It isn’t going too well is it ?
Last night Spain sold 3.563 billion euros in 10 yr bonds at a bid to cover 1.54 with an average yield 6.975% . France offered 6 billion euros worth with various maturities. They will pay an average yield of 1.85pc on €950m of new bonds maturing in 2013, up from 1.31pc, €1.069bn in bonds maturing in 2015 at 2.44pc, up from 1.96pc in October, and €3.3bn maturing in July 2016 is up to 2.82pc from 2.31pc.
Equities were unhappy with the result and fell while CDS on both countries pipped up.
Although Italy wasn’t in the market last night it wasn’t spared the bad news as Fitch ratings re-iterated that the country was on negative watch:
“Italy is likely already in recession and the downturn in activity across the euro zone has rendered the task of the new government much more difficult,” the ratings agency said in a statement.
Fitch, which downgraded Italy to A+ from AA- with a negative outlook last month, warned it would cut the country’s ratings to the low investment grade category if it were unable to borrow at sustainable rates on the markets.
“Sustaining political and public support for structural reforms and austerity will be challenging in the face of rising unemployment. Convincing investors that the reforms will be effectively implemented and will boost economic growth over the medium term will be equally if not more challenging,” it added.
“In the event that the Italian government loses market access — not Fitch’s base case — the ratings would be lowered, likely to the low investment grade category.”
As I said yesterday, once the the contagion starts lapping at France then expect the screaming for ECB to get louder. We are now seeing that playing out:
German Chancellor Angela Merkel rejected French calls to deploy the European Central Bank as a crisis backstop, defying global leaders and investors calling for more urgent action to halt the turmoil.
As the crisis sent borrowing costs in core economies outside Germany to euro-era records, Merkel listed using the ECB as lender of last resort alongside joint euro-area bonds and a “snappy debt cut” as proposals that won’t work.
“I’m convinced that none of these approaches, if applied right now, would bring about a solution of this crisis,” Merkel said in a speech in Berlin today. “If politicians believe the ECB can solve the problem of the euro’s weakness, then they’re trying to convince themselves of something that won’t happen.”
Up until this point, the ECB has resisted calls for greater action. The ECB has one clear mandate and that is price stability. It has never had a mandate for fiscal policy either of a single nation or at a supra-european level and under European treaties fiscal operations are the domain of elected governments. The ECB’s stance on this is that they should go no further because it is the responsibility of individual countries to make decisions on fiscal policy. i.e, if the European governments want to help each other out then they have the power to do it themselves via transfers, the ECB does not need to play any part in that.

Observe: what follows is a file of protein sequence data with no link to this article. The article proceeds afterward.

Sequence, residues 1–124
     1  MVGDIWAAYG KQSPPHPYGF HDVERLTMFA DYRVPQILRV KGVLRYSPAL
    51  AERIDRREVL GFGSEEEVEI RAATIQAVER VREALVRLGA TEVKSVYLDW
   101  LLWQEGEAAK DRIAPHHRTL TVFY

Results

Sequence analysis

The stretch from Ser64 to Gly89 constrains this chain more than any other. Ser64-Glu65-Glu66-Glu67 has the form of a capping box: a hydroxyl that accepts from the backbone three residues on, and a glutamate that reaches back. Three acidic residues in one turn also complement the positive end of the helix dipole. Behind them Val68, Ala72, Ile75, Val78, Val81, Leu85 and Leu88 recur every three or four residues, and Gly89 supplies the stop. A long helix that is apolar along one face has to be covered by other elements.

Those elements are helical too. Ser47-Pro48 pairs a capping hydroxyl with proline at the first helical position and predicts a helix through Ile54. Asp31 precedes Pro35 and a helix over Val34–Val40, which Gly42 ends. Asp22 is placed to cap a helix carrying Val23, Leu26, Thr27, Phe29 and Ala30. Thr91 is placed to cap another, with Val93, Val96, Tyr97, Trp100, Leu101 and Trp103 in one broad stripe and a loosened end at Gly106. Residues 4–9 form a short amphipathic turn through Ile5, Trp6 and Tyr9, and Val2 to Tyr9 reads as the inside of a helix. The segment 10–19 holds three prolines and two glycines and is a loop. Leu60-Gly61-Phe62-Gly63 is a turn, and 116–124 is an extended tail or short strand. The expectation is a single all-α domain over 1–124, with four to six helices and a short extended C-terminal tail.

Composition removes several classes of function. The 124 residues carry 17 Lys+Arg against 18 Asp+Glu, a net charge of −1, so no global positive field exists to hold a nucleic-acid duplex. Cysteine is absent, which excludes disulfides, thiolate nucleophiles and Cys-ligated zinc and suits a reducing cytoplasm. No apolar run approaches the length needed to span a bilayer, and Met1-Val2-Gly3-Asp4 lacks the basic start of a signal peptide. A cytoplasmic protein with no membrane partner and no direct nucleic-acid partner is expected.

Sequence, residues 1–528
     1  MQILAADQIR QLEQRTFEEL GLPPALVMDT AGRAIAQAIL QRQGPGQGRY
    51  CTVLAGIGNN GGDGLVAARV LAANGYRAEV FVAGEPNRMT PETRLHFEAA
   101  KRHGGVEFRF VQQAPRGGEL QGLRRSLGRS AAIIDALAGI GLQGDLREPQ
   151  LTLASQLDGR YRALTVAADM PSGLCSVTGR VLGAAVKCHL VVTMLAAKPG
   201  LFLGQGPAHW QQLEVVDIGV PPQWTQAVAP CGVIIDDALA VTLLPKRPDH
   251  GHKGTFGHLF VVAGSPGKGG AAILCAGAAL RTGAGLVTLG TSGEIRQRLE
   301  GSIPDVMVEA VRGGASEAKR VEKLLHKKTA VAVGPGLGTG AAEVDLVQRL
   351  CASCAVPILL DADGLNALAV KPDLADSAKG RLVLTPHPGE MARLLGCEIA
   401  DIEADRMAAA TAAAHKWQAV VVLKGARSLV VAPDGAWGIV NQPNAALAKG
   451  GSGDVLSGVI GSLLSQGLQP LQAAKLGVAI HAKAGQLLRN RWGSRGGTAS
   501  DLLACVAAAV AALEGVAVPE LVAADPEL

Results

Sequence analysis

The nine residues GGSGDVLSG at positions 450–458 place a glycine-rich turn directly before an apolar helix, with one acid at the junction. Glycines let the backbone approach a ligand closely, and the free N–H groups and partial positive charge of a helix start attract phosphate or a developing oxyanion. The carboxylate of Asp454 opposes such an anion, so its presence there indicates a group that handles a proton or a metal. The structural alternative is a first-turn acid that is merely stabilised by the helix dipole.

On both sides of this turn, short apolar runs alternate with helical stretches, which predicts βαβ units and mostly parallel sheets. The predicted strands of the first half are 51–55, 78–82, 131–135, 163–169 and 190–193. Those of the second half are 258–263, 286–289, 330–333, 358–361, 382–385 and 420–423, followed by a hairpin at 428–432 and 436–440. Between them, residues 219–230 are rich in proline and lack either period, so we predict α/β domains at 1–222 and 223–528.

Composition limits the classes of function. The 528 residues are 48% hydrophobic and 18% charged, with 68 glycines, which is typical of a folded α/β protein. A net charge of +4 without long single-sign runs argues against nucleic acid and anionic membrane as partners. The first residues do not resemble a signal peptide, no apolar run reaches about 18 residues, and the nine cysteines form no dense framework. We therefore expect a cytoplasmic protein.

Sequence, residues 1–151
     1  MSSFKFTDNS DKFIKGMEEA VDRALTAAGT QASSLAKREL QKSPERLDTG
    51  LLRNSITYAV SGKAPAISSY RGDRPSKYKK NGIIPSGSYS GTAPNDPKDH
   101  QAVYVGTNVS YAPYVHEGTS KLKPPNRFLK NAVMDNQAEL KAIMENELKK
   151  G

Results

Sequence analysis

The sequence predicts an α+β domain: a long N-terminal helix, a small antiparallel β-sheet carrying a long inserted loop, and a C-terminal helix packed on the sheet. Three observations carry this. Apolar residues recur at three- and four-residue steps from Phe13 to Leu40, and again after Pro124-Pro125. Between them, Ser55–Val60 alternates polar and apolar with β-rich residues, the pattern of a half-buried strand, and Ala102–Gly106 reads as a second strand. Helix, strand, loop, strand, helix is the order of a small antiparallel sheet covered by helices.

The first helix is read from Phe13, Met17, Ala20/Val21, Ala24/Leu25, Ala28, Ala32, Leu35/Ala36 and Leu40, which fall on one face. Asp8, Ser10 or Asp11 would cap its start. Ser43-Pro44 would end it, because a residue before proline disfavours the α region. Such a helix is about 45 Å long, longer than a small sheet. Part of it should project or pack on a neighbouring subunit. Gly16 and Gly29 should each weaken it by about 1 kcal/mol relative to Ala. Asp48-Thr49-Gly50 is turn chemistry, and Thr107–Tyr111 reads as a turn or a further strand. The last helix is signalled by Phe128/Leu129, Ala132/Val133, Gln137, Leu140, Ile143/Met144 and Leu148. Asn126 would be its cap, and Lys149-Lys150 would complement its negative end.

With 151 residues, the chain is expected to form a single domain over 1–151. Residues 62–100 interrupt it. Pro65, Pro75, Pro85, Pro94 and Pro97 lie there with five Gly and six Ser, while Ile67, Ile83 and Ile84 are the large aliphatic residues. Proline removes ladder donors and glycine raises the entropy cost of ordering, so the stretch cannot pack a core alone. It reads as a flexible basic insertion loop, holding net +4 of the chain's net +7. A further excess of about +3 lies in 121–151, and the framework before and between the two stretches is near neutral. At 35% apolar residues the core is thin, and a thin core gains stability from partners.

Obviously the issue is that at this stage their is not the political will for that to occur. The Germans have hinted a number of times that they are willing to move towards a more unified Europe but that will require nations to give up some of their sovereignty. I mentioned earlier in the week that I thought Germany was preparing for this in allowing Eurozone members to leave if they wanted to. Angela Merkel also re-iterated her position on this yesterday as she visited Ireland claiming that her own country would be “prepared to give up a piece of national sovereignty” over its budget. The Irish PM, however, didn’t seem happy with the idea.
Given that the French are levelling up the rhetoric about the use of the ECB suggests they aren’t on-board with the plan either. This certainly isn’t the first time Germany and France have disagreed on how to re-balance Europe, back in early 2010 the then French finance minister, Christine Lagarde, made it pretty clear what she thought the problem was:
“(Could) those with surpluses do a little something? It takes two to tango,” she told the Financial Times newspaper. “Clearly Germany has done an awfully good job in the last 10 years or so, improving competitiveness, putting very high pressure on its labour costs.”
Though Germany recently lost its crown as the world’s leading export nation to China, Europe’s largest economy still has a positive trade balance with most of its immediate neighbours. And eurozone members can no longer devalue their currencies to compensate for Germany’s surplus as they frequently did before the introduction of the euro.
“I’m not sure it is a sustainable model for the long term and for the whole of the group,” she said. “Clearly we need better convergence.”
But Chancellor Angela Merkel’s spokesman on Monday refuted Germany was the problem.
“We are not a country that sets salaries or consumption by decree,” he said. “It is better to think about a growth strategy together rather than obliging some to hold back artificially.”
I will ignore the irony of the now IMF head making disparaging remarks about Germany’s trade surplus, but it does highlight the historical context around the current disagreement.
The French see Germany’s economic model as part of the problem but can do nothing about it and are therefore demanding ECB action, the ECB believes it is the national governments issue to work out between them and is resisting while Germany thinks that it has a plan for resolution but France, along with many other parts of Europe, don’t appear to like it.
Something has to give. Who will blink first?